PVC: To Burn or Not to Burn?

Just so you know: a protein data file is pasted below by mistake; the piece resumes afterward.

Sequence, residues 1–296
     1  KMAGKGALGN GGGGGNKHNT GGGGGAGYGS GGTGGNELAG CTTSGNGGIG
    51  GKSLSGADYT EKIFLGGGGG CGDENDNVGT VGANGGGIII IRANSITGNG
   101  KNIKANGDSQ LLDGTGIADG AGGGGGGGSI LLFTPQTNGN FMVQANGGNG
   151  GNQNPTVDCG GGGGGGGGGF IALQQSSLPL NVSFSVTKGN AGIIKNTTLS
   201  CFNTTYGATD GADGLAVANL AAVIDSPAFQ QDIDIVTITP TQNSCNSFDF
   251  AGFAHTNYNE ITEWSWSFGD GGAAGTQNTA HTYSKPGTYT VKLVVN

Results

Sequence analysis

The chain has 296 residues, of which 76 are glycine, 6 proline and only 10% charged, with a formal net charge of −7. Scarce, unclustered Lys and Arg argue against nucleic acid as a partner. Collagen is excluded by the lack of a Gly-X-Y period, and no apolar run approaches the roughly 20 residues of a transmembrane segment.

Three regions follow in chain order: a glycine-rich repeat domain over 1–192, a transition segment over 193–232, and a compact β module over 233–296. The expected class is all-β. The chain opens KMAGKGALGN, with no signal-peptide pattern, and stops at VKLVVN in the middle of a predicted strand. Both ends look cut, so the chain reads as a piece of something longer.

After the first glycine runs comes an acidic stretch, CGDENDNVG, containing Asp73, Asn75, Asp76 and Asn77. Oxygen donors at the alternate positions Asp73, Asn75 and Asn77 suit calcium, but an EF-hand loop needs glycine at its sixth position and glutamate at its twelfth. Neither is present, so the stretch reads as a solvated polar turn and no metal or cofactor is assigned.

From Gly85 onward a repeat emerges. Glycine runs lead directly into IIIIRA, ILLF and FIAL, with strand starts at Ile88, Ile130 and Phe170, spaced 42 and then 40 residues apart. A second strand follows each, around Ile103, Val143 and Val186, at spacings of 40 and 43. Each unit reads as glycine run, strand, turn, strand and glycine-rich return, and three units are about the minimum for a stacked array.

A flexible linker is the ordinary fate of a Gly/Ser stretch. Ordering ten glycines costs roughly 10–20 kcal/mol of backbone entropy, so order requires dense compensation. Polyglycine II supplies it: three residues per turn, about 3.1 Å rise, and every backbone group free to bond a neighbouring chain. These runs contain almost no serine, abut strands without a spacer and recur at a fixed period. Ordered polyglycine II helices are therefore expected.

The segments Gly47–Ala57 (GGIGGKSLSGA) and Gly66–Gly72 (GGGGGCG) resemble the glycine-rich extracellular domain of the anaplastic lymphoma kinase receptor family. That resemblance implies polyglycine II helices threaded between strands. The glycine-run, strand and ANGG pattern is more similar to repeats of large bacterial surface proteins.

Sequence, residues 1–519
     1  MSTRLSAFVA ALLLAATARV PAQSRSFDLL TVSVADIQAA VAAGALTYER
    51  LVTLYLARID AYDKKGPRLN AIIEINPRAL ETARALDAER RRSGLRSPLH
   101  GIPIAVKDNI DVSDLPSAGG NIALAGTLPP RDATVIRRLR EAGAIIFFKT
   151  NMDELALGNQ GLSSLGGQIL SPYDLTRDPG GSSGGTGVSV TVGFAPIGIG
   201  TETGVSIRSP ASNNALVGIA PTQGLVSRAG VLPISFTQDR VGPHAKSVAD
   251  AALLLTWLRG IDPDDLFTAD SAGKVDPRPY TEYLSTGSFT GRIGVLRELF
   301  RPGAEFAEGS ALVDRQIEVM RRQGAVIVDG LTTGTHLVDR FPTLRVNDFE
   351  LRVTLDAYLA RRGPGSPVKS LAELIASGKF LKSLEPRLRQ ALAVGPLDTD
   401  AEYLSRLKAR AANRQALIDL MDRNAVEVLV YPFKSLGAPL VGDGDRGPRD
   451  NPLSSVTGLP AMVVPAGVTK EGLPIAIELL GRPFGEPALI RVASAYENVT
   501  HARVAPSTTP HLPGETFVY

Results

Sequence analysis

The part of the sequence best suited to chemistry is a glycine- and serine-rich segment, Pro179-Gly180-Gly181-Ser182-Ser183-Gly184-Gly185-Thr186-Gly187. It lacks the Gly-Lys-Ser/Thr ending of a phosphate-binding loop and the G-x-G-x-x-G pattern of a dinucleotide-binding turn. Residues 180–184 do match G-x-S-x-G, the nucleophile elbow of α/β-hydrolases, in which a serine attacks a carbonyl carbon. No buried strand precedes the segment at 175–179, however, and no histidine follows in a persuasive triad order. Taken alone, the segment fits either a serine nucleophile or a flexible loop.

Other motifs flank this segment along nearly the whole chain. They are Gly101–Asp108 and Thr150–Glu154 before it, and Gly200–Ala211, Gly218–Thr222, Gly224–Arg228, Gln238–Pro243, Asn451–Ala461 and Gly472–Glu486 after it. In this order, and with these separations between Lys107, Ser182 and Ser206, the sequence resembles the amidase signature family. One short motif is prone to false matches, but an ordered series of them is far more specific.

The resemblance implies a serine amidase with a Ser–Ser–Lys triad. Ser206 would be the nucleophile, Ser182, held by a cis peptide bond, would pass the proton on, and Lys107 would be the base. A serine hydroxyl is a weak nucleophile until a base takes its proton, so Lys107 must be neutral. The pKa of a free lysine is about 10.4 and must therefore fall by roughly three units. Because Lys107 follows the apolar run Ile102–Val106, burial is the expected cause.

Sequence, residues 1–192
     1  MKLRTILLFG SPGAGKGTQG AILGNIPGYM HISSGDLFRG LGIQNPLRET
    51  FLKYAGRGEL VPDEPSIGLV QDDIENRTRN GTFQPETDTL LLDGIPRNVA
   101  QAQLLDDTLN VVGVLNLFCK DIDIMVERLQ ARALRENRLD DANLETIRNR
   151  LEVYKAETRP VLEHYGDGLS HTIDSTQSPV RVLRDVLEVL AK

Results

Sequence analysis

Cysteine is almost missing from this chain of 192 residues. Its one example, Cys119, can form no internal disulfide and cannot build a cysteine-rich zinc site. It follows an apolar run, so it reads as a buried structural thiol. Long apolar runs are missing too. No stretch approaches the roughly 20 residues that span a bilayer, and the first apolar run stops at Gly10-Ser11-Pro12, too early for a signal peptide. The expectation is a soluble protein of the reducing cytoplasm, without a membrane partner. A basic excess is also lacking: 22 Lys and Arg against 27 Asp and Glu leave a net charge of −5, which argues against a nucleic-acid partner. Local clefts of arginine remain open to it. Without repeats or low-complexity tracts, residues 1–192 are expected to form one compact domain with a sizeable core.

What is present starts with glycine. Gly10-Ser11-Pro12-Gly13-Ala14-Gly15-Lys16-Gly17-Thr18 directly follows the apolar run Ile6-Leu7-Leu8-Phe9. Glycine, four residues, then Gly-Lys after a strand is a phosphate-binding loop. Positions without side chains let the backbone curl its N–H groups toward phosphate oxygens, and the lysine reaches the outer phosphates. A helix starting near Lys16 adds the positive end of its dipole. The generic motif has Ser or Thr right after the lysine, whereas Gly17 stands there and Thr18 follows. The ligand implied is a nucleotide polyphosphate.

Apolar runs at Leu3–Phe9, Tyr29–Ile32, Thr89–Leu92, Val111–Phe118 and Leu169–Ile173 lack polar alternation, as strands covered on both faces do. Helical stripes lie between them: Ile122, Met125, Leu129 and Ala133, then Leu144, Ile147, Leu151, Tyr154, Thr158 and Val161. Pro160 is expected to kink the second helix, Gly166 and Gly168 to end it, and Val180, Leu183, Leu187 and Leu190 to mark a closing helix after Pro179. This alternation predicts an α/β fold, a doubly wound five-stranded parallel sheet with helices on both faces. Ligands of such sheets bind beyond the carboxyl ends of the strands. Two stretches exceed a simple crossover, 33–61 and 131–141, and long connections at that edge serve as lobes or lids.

Polyvinyl chloride, or 'PVC', is one of the most widely used polymers in the world. Due to its highly versatile nature, PVC is used extensively in many industries including construction, automotive, electronics, packaging, fashion and design amongst others. However once it enters the waste stream, it has traditionally be seen as a cause of harmful emissions from incineration. But should that view change? By Carlo Ciotti and Arjen Sevenster Micro-pollutants as well as acidic gases and solid wastes are produced during combustion processes in general, and therefore also during waste incineration. Until a few years ago it was alleged that PVC was the main cause for these hazardous emissions. This focus on PVC was due to the presence of chlorine, which leads to the production of dioxins, the emission of HCl and the production of solid hazardous waste because of the presence of heavy metals from the additives used in various formulations. Because of this, many will be critical if one talks about waste incineration being 'sustainable' for PVC and its products, or if one states that the environmental impact of PVC is at most equivalent, if not lower, compared to alternative materials. However, such critics would not take into account the improved knowledge acquired over the last decades on thermal combustion systems. The development of technologies for the reduction/elimination of emissions, the reduction and recycling of solid waste and the use of new additives substantiate this view, which may surprise those who did not follow these developments, but will be perfectly normal for those who have in-depth knowledge and/or worked on these issues. To clarify the reasons why the thermal valorisation of PVC can be considered a real alternative to mechanical recycling in solving and optimising its end of life management, it's important to explore the following aspects that relate to the environmental impact of thermal valorisation: 1) the formation of dioxins;2) the emission, recovery and recycling of gases;3) the reduction of waste. The Formation of Dioxins First one must keep in mind that there are many production processes or activities that emit dioxins, not only the production of chlorine and the PVC lifecycle. Despite this fact PVC has for a long time been accused of being the cause of the dioxin production, although PVC is not the only substance in Municipal Solid Waste (MSW) which contains chlorine - plants, food and paper are all among the waste streams which contribute to the chlorine present in MSW. In fact, the production of dioxins depends more on the quality of incineration than on the type of materials burned. The PVC industry has made significant inroads into collecting end-of-life PVC products, such as window and door frames Credit: Recovinyl History Before the mid-eighties it was believed that the presence of dioxins in the gaseous emissions from incinerators could result from their formation during the combustion of chlorinated organic compounds or from the pyrolysis of lignin and cellulosic substances present in waste. These assumptions, formulated almost thirty years ago, were for some time considered plausible and should not be underestimated. To prevent the formation of these micro-pollutants it was thought advisable to: Reduce the content of chlorinated organic substances in the waste in order to reduce the content in hydrochloric acid in the flue gas of combustion Neutralise the hydrochloric acid resulting from their combustion as soon as it is formed in the combustion chamber, by addition of basic reagents (carbonate or calcium hydroxide). Subsequently it was found that the formation of dioxins takes place primarily on heat exchange surfaces of the boiler, at a temperature of 300°C to 400°C - and then only if ash and products of incomplete combustion of carbonaceous nature (for example soot) are deposited on the tubes, and in the presence of copper chloride, which is inevitably present in ash along with many other metal compounds. To limit the presence of these micro-pollutants in gaseous emissions, technologies have been developed over the years that have enabled: The complete combustion by suitable dosage and distribution of combustion air Maintaining sufficient temperature and ensuring an optimum degree of turbulence Keeping heat exchange surfaces as clean as possible, especially in the area of the boiler characterized by gas operating temperatures between 300 and 400°C. Use of soot blowers to do this is more efficient as it also improves the thermal efficiency of the boiler Using activated carbon in conjunction with neutralisation for the removal of acid gases. Given this knowledge of the mechanisms of dioxin formation, the scientific community now unanimously considers that PVC cannot be given the full responsibility for the presence of dioxins in the flue gas emitted from incinerators. This is confirmed by a trial done a few years ago at an MSW incinerator in Hamburg, in order to verify the impact of an increase of PVC in the waste on emissions. At the time of testing the composition of waste fed to the combustion chamber normally contained about 6% of plastic material and 0.7% of PVC. As a comparative test, about 170 kg/h of pure PVC were added to the normal flow of household waste incinerated, thus achieving a concentration of PVC in municipal waste fed to the combustion of about 5%. The analysis of dioxins during these co-incineration tests did not show significant deviations in quantity and distribution of dioxin/furan isomers compared to those observed with the normal composition of municipal waste. No influence on the quality of gas emissions was observed. In conclusion, since the second half of the eighties the problem of reducing emissions of dioxins and organic micro-pollutants has been considered solved at the scientific and technology level. The combination of the following features ensures the reduction of dioxins down to values below the acceptable limits: Reaching temperatures of 1100°C Having a post combustor ensuring a contact time of 2 seconds Maintaining an oxygen concentration of 6% in the output gases Ensuring a fast cooling down to 250°C to avoid the 'de novo' synthesis of dioxins Having also a catalyst for destruction of dioxins or a system with adsorbent activated carbon. The Emissions, Recovery and Recycling of Gas In addition to hydrochloric acid (which is produced whether PVC is present or not), incinerator emissions also include sulphur and nitrogen compounds. During the waste combustion process the rupture of the polymer chain, resulting in the release of chlorine in the form of HCl gas. Even in the absence of PVC, due to other sources such as household chlorine in the waste, combustion will always produce gaseous HCl that must be destroyed prior to the release into the atmosphere. It must be emphasised that the removal of HCl gas is facilitated by its chemical characteristics, whereas it is more difficult to remove SOx, which should be blamed as the largest contributor to acid rain. Chlorine also has a positive contribution in flue gas, as it allows better capture of the heavy metals present in MSW waste, thereby reducing emissions into the environment. Abatement of Gaseous Emissions The acid gases, above all SOx and HCl, are mostly neutralised by adding alkaline substances, thus producing the corresponding salts. The amount of neutralisation residues depends on the type of technology used (dry, semi dry, wet, semi wet). In the case of municipal solid waste incineration, assuming for example that PVC is responsible for approximately half the production of HCl while the wood, paper and other materials present are responsible for the rest, it was estimated that the traditional neutralisation process based on the use of hydrated lime requires that the residues are disposed of in a landfill for hazardous waste. Today there are other processes that enable recycling a significant part of the neutralisation residues, among which the NEUTREC process uses sodium bicarbonate injected dry in the acid fumes, after they have passed an electrostatic filter to mostly eliminate them from the fly ash. Sodium bicarbonate neutralises the acids and transforms them into sodium salts that are captured by a filtration section and collected, while the purified flue gas can be emitted to the atmosphere. Note that the sodium bicarbonate also contributes to absorb a large part of the heavy metals and dioxins, when injected together with activated charcoal. The sodium salts generated by the neutralisation of acid gases, once collected in the final stage of filtration, may be recovered in a dedicated section, where they are dissolved in water with additives to promote the precipitation of metals, and subjected to a filtration. The insoluble phase is sent to disposal while the soluble phase (brine), after being further purified, is recycled for the industrial production of sodium carbonate. A further development of the recovery process (Revasol®), also leads to the recycling of the insoluble phase which, with the SOLVAL®/Resolest® process, is sent for disposal. In this case however, the it is recovered for use as a material for the construction or road foundations, The HALOSEP® process is another option to recover neutralisation residues. The primary function is to recover chlorine and obtain a reduced amount of Flue Gas treatment Waste (FGW) to be disposed of. The HALOSEP process can also be used to obtain a treated FGW that has improved leaching properties and complies with the leaching limit criteria for heavy metals. The salt product typically has the form of salt brine with a salt content of about 20% (w/w). It is free from dioxins and furans and the concentration of heavy metals is below detection limits. It is possible to produce a Sodium chloride rich product, a Calcium chloride rich product. Cadmium, zinc and lead can be extracted in various amounts in the HALOSEP process. The Recovery of Chlorine as HCl The incinerator in Hamburg previously mentioned can also be taken as a reference for the recovery of hydrochloric acid and its reuse as muriatic acid (aqueous solution of HCl) as a raw material for other industrial activities. The incinerator has in fact, besides the treatment sections for NOx and SOx, also a facility of purification of chlorinated gas. The gaseous stream, still containing the chlorinated combustion products, is sent to a HCl 'rectification column' where a 30% aqueous solution of hydrochloric acid is produced, which can be sold to the chemical and construction industries, or used in energy production. Conclusions An MSW incinerator produces three types of waste - bottom ash, fly ash and waste neutralisation residues. The bottom ashes are the heavier solid residue of combustion. Solid particles are also formed during combustion, and they contain metals entrained by the gases. In order to avoid atmospheric release, the solid particles must be absorbed or removed from the gas phase sent to the stack. So the first step is to 'capture' particles through mechanical or electrostatic filters. They constitute the so-called 'fly ash'. The recovery of this fraction, together with the recovery of the neutralisation residues is possible thanks to processes such as Resolest and Revasol, or Halosep. The contribution of PVC to the production of both bottom ash and fly ash is very limited and is estimated around 0.5% of total ash produced. Regarding the influence of the presence of heavy metals in PVC, one should also note that: 1. The contribution due to the heavy metals in PVC is not significant except for cadmium, which has been phased out2. Stabiliser formulations containing heavy metals are used less and less, and are substituted by other chemical substances, which are not hazardous as shown by the Reach Regulations. Carlo Ciotti is environmental affairs manager at the PVC Forum Italia and Arjen Sevenster is manager of technical and environmental affairs at the European Council of Vinyl Manufacturers (ECVM).